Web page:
It’s the first day of Women’s History Month! While celebrating important women and their achievements shouldn’t be confined to just one month out of the year, we’ll take any excuse to highlight the people that opened doors, shattered ceilings and paved the way for us. There are so many extraordinary women in every field that deserve the spotlight this month. Below are just a few that I, along with the CAC team, wanted to celebrate. These women were pioneers, forward thinkers, rebels, and unabashedly themselves. I hope that they inspire you as much as they inspire us here at Carrie Ann Conversations.
– Love, Carrie Ann
1. Ruth Bader-Ginsburg
A lifelong trailblazer, Ruth Bader-Ginsburg attended Harvard law at a time when there were only 9 female students, studying law while raising her first child and taking care of her husband after his cancer diagnosis. From there she became the first woman on the Harvard Law Review before transferring to Columbia Law and graduating at the top of her class. For much of her life, RBG had to battle discrimination in school and in the workplace for being a woman. She spent her career fighting for equality, arguing landmark cases for women’s rights. She served as one of the most iconic Supreme Court Justices in history from 1993 until her death in 2020. Ruth Bader-Ginsburg will always stand as a symbol of hope and determination for women who want to see a more equitable world free of discrimination.
2. Cecily Tyson
A groundbreaking performer, Cecily Tyson’s acting career stretched over half a century, earning her several Emmys and a Tony award at age 88. After acting in 1972’s Sounder, a film that represented a loving Black family, Tyson made it her mission to find and embody roles that reflected her experience as an African American woman. Cecily Tyson passed away in January of this year but her commitment to her craft and her willingness to put her passion, convictions and talent into every one of her projects will always inspire us.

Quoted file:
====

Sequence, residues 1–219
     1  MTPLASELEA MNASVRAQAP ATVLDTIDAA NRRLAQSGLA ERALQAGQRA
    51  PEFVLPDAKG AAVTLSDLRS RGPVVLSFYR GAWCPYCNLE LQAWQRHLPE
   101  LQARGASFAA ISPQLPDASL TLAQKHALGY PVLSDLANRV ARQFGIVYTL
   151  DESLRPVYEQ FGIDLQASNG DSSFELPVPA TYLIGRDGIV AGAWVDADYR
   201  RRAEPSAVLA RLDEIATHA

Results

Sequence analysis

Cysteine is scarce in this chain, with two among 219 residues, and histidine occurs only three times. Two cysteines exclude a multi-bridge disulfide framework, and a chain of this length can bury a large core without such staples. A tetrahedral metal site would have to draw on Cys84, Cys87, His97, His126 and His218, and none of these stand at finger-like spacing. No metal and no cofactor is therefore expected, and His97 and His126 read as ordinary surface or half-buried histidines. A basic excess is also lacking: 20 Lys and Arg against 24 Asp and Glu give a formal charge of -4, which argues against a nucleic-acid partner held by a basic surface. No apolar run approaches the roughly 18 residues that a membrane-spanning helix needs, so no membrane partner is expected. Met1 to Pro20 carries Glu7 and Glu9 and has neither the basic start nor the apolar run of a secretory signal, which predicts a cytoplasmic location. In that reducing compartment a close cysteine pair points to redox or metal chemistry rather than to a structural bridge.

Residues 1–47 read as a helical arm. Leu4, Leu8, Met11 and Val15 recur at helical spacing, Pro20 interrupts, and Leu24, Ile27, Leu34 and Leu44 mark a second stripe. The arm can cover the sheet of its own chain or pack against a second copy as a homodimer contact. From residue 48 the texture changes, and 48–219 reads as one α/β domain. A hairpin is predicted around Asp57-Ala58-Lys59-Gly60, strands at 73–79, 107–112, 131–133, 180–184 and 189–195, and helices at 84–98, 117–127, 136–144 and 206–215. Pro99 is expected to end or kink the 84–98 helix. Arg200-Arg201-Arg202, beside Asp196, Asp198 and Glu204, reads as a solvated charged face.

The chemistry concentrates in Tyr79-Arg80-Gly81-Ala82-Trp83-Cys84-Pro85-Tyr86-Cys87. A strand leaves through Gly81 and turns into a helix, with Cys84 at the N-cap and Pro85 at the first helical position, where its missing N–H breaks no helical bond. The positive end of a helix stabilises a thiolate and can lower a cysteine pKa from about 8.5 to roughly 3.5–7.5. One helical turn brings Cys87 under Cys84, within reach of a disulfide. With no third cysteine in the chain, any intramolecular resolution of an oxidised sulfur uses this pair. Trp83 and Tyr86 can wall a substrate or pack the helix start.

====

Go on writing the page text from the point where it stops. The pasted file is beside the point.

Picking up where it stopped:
3. Frida Kahlo
Mexican surrealist Frida Kahlo is iconic for the way she was able to beautifully capture her experiences in her art. She used her talent to explore themes of identity, gender, and her ongoing experience with chronic pain. Using vibrant colors to paint powerful images of herself and the people in her life, she often mixed elements from reality with ones of fantasy and magic into enchanting works. Her talent and individuality has made her an icon for Chicano culture, feminism and the LGBTQ+ movement.
4. Yuri Kochiyama
Yuri Kochiyama’s life of civil rights activism was informed by her experiences in childhood; along with thousands of other Japanese Americans, Kochiyama and her family were forced to relocate to an internment camp after the Japanese attack on Pearl Harbor. After World War II, Kochiyama moved to New York City and started a family with her husband, becoming quickly invested in the local civil rights movement. She even formed a friendship with Malcolm X which only strengthened her commitment to the fight for racial equality. Yuri Kochiyama spent her whole life working to achieve justice and in the 1980s she and her husband successfully served in the movement to get President Reagan to sign the Civil Liberties Act which granted reparations and a formal apology to Japanese-American internees.
5. Hypatia of Alexandria
Born in the 4th century AD, Hypatia was a mathematician, philosopher and astronomer. She is the earliest female mathematician in the historic record and eventually became the head of Alexandria’s Platonist school. She was a driving force in the intellectual and philosophically rigorous culture in Alexandria, putting the city on par with great classical cities like Athens and Rome. Hypatia was a leader in each of her fields; she gave lectures on the works of Plato and Aristotle and some ancient texts even credit Hypatia with inventing the astrolabe. In a world where so many of the famous figures from early history are men, it’s so exciting to recount all the contributions that Hypatia made to society.
This list only barely scratches the surface of the contributions that so many incredible women have made to our culture and our society, often in spite of tremendous obstacles and discrimination. We hope that these stories inspire you to dig deeper this Women’s History Month and find other heroes to inspire, encourage, and remind you of the revolutionaries that each paved the way for a better world in their own fields.